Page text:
One of the most dire crises facing the world today is extreme hunger.
In Africa, a series of severe droughts in recent years has left nations teetering on the brink of famine, struggling to feed their populations.
For scientists, government officials, and humanitarian workers struggling to feed the world’s neediest populations, the invention of a drought-resistant, heat-resistant, nutritionally-fortified maize crop could be a major breakthrough to helping farmers feed their communities.
But it could also carry with it its own risks to those farmers and to the African continent.
The maize variety known as ZS242 was created by the International Maize and Wheat Improvement Center with the help of governments — including Zimbabwe’s and the United States via its foreign aid — as well as the United Nations and private seed companies like Monsanto.
It’s a genetically-modified type of maize that was created to have high yields and rapid grow time, which offers it the potential of feeding more Africans more quickly. Though maize is a staple food across Africa, the hot and dry climate makes growing traditional varieties of the crop difficult.
First introduced into Zimbabwe in 2015, the provitamin ZS242 maize variety has already gained popularity among local farmers for its extremely high yields and its rapid grow time. The plant has been so successful that Zimbabwe’s Ministry of Agriculture claims 2.8 million tons have already been harvested in 2017, well above the yearly requirement of 1.8 million tons.
A hearty version of a staple crop could be revolutionary on a continent where drought and climate change can make sustenance farming a difficult affair.
Global Citizen campaigns on the Global Goals for Sustainable Development, including goals number two (zero hunger) and three (good health and well being). Organizations like the CIMMYT are at the forefront of finding innovative solutions to these complex global health issues.
Global Citizen also advocates for maintaining US foreign aid, which President Donald Trump’s administration has proposed slashing by more than 30%, and has urged President Trump to #StopTheCuts. The CIMMYT is partially funded by US aid; without funding, their ability to work toward a hunger and malnutrition free Africa would be in jeopardy.
The United Nations World Food Programme reported that 4.1 million people in Zimbabwe experienced food-insecurity during the peak of a massive drought this year. South Sudan, Kenya, Ethiopia, and Somalia are also facing similar crises.
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Additionally, the CIMMYT reports that one in five children in the Zimbabwe suffers from vitamin-A deficiency, a condition that can lead to lower IQ, growth stunting, and blindness.
Hunger and malnutrition often go hand in hand, and the maize project represents a potential solution to both problems.
However, some are cautious about hailing genetically modified crops as the savior of African agriculture.
Concerns about the long-term effects of such crops on the farming landscape complicate the obvious utility of the plants. For example, GM crops often mingle with organic crop varieties in harmful ways. The practice of monocropping, or raising one crop only on a given plot of land, has also proven to be damaging to soil over extended periods of time.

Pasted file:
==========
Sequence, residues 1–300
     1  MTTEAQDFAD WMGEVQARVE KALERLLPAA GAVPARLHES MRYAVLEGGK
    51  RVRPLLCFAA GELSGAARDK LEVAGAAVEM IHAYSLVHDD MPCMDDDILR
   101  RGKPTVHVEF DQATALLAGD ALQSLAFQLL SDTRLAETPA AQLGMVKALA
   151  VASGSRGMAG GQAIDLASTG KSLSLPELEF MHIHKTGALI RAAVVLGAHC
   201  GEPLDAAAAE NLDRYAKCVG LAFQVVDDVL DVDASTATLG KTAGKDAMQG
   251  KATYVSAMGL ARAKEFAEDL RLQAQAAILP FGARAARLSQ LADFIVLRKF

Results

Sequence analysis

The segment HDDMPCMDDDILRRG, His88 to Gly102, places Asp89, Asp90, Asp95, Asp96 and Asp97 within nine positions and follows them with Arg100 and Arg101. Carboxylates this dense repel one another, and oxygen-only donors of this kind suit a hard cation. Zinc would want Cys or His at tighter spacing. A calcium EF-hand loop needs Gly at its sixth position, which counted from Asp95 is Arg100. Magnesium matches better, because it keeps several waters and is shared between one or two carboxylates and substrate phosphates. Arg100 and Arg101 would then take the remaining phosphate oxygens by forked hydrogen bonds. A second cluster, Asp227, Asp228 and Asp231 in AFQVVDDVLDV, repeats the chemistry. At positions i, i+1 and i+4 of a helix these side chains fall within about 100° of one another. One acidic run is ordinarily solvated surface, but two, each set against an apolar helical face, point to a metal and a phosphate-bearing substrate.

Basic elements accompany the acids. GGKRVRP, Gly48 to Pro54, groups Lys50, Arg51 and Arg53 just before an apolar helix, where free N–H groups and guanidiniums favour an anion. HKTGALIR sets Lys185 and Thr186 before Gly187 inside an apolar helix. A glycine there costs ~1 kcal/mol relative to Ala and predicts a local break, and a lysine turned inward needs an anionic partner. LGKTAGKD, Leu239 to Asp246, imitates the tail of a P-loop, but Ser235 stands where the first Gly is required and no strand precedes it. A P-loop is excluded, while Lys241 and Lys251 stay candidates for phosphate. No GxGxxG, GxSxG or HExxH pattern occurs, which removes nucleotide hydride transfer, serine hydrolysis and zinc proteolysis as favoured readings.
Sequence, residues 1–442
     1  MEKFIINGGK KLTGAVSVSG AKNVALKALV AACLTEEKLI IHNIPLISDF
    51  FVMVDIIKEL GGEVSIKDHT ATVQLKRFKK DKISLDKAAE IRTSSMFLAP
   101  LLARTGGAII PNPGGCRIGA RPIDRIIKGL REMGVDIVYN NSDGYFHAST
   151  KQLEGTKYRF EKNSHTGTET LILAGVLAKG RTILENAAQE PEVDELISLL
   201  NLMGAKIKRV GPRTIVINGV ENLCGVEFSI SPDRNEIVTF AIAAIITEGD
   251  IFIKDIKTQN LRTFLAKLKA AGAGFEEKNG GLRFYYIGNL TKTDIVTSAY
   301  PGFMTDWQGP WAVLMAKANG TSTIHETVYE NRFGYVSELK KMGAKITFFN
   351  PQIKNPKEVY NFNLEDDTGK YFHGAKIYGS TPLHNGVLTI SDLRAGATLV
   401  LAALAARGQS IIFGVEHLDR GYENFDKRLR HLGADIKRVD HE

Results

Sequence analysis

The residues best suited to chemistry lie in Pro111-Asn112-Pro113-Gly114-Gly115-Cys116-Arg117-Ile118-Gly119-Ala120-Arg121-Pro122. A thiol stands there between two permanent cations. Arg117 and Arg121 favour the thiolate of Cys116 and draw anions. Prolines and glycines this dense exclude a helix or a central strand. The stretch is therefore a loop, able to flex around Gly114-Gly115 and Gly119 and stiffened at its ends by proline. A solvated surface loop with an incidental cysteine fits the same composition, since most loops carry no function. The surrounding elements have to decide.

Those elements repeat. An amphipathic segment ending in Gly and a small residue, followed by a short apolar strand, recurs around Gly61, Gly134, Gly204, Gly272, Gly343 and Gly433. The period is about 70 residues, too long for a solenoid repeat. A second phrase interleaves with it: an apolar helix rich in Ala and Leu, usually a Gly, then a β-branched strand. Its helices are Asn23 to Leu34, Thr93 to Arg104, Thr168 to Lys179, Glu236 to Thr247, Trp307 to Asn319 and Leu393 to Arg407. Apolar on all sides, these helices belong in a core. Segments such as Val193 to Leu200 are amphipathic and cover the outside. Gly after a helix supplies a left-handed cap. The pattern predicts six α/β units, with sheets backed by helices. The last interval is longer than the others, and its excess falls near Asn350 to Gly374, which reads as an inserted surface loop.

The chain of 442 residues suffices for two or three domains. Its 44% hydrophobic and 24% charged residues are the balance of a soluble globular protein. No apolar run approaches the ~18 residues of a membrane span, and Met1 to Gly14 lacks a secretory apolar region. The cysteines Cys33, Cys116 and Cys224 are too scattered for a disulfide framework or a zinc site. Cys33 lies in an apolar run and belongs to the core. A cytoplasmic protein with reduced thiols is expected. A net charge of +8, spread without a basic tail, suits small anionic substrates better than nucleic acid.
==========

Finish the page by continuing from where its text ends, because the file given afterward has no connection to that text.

Additionally, the motives of large agricultural companies involved in the GM farming of Africa are far from clear-cut aid. Monsanto, which partnered with the CIMMYT’s project, chose to provide seeds to farmers free of royalty charges initially, but offered no guarantee that this practice would always be the case.
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Mark Edge, director of collaborations for developing countries at Monsanto, told BusinessGreen in a 2016 interview that donation of drought-resistant seeds were just as much about developing a market for their products as solving humanitarian issues.
"On these two particular ones for this particular project in Africa, we're making it royalty-free because we want to see the market develop," Edge said. "There's the whole food security issues, social responsibilities, but also building the market. There's a mutual benefit for us if the seed industry becomes more robust and vigorous and profitable in Africa."
The maize project in Zimbabwe could soon be expanded to other areas of the continent, according to Voice of America. That is the hope of Cosmos Magorogosho, the CIMMYT’s program director in southern Africa. Magorogosho believes the crop’s success in Zimbabwe is just the beginning.
"Since its inception, this program has been able to produce more than 50,000 tons of maize seed, not just for Zimbabwe, but for Southern Africa, Eastern Africa and West Africa," Magorogosho told VOA. "[C]ommunities are benefiting from increased yields."
The prospect of a simple solution to the complex problem of hunger remains attractive. As more countries in Africa begin to experiment with GM crops, the debate will continue over the efficacy of such practices in the long-term fight to eradicate hunger across the continent.